By Aigner Loren Wilson





Poet laureates have a unique job of melding the ethereal magical art of poetry with the very real struggle of the world around them, the one we all inhabit. By definition, a poet laureate is “a poet appointed to, or regarded unofficially as holding, an honorary representative position in a particular country, region, or group” (Oxford Dictionary). Reading that makes it sound like a hollow figurehead position. But poetry isn’t hollow, and poets have real tangible power. One can hear it when they speak, feel it in the way they live their lives. 

That’s why the stuffy textbook definition of poet laureate isn’t the type we are focusing on today. Instead, we are going to stick closer to home. “Olympia’s next Poet Laureate will be called specifically to utilize the power of poetry and language to contribute insight, foster understanding and support healing around issues of equity and inclusion in our community,” says the City of Olympia website about its current search for the next Poet Laureate of Olympia. Saying there are issues of equity and inclusion in our community is a condensed way of saying Olympia has turned into a powder keg of opposing forces. 

One side pushes so much hate it litters the streets and drowns out the message. The other side bleeds and dies in our neighborhoods to bring real change that doesn’t exclude any member of our community. The next poet laureate of Olympia will step onto that protest-ridden pandemic stage with the chance and choice to write and document the world as it is. City of Olympia also goes on to say, “These times and this opportunity conversely can offer the opportunity to rethink engagement.” 

How can poetry lay the path to truth, equality, and inclusion? What does that look like in today’s Olympia? Former Olympia Poet Laureate Amy Solo offers, “The poet laureate has a chance to connect people on a very deep level.” He or she must come up with a thorough and actionable plan for how poetry can be implemented within the community and address the issues of diversity in not only the arts but the community. 

Candidates interested in applying should be of the types that take poetry into themselves, embodying the rhyme, rhythm and mayhem. The application states any writer applying should “be a practicing poet, dedicated to producing poetry (in any form, genre or style) on a regular basis.” It’s less about where and how much a poet has published, but rather, is he or she committing to poetry on an ongoing basis in a professional manner? Past recipients had a smattering of published pieces before taking the role. Solo suggests potential applicants focus on plans for the role of poet laureate if they took the position. “I think with COVID-19 restrictions and our limitations on gatherings and workshops, something that a strong candidate will talk about is how to engage people online,” Solo suggests.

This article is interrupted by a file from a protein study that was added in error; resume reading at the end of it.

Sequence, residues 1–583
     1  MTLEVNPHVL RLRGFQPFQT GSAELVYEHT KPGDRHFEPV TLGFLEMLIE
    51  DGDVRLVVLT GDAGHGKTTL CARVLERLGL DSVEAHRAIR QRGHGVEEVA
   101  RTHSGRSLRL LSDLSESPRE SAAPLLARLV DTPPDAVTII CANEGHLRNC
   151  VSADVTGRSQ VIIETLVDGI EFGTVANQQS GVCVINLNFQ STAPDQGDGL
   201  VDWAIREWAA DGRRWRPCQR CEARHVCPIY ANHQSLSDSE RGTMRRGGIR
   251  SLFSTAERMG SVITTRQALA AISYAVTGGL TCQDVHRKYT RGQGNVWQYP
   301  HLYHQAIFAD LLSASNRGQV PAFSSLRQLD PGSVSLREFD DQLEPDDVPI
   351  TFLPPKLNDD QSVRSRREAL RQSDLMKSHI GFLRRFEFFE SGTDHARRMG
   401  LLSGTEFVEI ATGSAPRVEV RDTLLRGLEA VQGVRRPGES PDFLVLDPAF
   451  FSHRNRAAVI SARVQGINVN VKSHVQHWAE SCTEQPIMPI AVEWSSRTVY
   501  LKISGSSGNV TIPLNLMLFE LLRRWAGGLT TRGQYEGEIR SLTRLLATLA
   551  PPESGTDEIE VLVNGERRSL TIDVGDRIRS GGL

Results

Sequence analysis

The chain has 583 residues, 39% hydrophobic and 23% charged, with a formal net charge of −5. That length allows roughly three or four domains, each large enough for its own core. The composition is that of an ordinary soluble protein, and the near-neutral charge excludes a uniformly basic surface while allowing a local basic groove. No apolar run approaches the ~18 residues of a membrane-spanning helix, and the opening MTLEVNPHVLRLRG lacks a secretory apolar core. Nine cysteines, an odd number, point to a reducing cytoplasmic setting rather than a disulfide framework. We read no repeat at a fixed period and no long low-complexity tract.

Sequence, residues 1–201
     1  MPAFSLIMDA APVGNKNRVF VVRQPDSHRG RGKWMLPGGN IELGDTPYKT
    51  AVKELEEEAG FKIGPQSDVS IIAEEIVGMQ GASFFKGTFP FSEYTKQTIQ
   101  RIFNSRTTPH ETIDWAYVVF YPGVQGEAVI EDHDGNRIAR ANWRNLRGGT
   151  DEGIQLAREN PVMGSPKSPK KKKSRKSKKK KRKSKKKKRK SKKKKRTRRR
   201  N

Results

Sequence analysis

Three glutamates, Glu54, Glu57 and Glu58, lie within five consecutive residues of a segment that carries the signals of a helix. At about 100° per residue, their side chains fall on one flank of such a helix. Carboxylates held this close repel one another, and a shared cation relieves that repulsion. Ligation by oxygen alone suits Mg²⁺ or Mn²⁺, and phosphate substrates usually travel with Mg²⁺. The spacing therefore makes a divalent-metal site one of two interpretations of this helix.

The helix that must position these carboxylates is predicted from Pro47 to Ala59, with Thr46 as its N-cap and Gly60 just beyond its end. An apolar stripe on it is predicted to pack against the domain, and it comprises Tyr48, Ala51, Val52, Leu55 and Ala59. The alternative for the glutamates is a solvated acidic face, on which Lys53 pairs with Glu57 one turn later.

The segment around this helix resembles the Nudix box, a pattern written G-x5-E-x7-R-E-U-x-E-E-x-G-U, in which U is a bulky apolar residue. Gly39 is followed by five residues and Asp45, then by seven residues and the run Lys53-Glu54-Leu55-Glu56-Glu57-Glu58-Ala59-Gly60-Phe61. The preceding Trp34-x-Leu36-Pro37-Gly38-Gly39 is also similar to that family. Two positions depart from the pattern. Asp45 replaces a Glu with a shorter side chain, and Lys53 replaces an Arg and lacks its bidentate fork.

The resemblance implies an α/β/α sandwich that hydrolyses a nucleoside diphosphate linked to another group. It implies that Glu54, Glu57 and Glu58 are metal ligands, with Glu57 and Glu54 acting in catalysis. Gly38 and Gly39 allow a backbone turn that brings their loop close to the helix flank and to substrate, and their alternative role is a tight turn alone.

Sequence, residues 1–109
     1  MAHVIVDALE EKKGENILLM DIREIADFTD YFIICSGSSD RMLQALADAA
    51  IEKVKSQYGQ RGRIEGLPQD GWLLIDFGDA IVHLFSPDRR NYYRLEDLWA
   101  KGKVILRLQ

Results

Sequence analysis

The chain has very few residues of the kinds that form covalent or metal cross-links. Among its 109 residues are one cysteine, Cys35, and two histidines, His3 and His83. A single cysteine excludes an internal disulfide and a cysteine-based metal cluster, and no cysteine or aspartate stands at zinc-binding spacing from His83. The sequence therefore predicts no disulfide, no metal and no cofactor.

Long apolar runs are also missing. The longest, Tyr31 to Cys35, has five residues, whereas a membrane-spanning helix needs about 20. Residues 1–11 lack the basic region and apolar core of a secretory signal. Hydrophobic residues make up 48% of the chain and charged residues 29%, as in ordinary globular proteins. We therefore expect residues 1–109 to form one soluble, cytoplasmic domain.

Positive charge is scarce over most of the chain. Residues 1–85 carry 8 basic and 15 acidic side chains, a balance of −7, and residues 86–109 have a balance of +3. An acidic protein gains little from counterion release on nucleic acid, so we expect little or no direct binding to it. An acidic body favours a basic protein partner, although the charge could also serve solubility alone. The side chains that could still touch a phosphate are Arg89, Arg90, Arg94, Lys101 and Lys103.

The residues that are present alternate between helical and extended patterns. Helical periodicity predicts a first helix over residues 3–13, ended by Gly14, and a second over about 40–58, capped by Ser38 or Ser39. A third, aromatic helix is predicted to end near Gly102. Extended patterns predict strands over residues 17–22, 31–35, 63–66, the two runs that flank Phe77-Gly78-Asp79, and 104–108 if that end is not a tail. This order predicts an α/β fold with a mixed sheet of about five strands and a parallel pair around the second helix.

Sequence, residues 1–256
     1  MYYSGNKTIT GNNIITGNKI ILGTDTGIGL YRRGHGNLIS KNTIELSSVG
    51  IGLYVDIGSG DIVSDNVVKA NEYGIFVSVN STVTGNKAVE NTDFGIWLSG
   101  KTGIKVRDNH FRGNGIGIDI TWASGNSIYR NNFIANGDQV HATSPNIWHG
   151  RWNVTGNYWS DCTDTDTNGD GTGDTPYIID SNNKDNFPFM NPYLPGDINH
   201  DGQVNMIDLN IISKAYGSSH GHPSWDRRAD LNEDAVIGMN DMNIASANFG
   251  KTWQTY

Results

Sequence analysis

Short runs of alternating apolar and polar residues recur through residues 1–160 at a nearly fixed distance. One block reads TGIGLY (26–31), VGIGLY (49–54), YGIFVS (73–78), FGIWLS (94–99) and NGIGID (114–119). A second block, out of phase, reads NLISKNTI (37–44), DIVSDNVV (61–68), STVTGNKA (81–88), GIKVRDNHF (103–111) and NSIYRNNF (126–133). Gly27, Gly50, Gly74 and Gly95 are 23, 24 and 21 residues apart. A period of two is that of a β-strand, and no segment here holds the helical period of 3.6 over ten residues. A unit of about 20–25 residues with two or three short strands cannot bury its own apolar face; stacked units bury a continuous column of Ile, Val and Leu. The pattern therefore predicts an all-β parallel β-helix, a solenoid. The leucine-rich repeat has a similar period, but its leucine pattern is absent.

Whoever ends up being selected for the role will serve two years on a contract that ends December 31, 2022. Within those two years, the poet laureate will be expected to lead four instructional workshops, serve an active role in spring and fall Arts Walk, and further Olympia’s literary art scene and community. Essentially, the poet laureate must bring poetry to life within the streets, homes and minds of Olympia citizens while breaking down barriers of inequality within our community. 

Of course, the poet laureate will be paid — $1,500 per year served, to total $3,000. On average, the role takes up about 160 hours across the two-year term. Serving as poet laureate for Olympia has some other perks as well: “[It] has opened up a lot of opportunities and connections both within the Washington arts community and amongst poet laureates from other cities,” Solo says. Solo recently released a book of poetry, Mothers, Lovers and Roadside Burials, inspired and informed by her time serving. 

For all those poets out there who want to take the literary future of Olympia into their hands, the application process comes down to a résumé; five poetry samples (published or unpublished); a video recording of a reading or performance of one of the sample poems; and a 1,000-word proposal outlining and describing the events, workshops, and community engagement ideas the poet would like to implement. As stressed before, the 1,000-word proposal is a strong component of what leads to the poet being selected. Poems should be in their final form and show the author’s style, voice, and talent.

We are in that dark time before the dawn that feels devoid of light and hope. We’ve made progress, yes, but how far will progress go before it becomes our troubled history? The poet laureate of Olympia is the musical accompaniment to our rise or fall. Using the role and control of language, he or she can write our current and future moments along the wooden and concrete paths of our city, leaving traces of who we are, who we were and whom we dream of being. 

Those interested in becoming Olympia’s next poet laureate can apply on the city’s website. Applications are due by February 17, 2021.